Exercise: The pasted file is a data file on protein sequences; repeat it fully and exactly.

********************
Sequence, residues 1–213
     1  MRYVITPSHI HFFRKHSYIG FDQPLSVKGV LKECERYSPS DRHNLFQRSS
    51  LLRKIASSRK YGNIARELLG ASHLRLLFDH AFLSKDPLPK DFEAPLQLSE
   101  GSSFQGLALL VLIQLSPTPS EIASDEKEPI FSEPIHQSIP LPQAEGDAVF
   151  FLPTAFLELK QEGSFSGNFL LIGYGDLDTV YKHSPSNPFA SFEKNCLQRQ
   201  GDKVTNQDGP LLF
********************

Sequence, residues 1–213
     1  MRYVITPSHI HFFRKHSYIG FDQPLSVKGV LKECERYSPS DRHNLFQRSS
    51  LLRKIASSRK YGNIARELLG ASHLRLLFDH AFLSKDPLPK DFEAPLQLSE
   101  GSSFQGLALL VLIQLSPTPS EIASDEKEPI FSEPIHQSIP LPQAEGDAVF
   151  FLPTAFLELK QEGSFSGNFL LIGYGDLDTV YKHSPSNPFA SFEKNCLQRQ
   201  GDKVTNQDGP LLF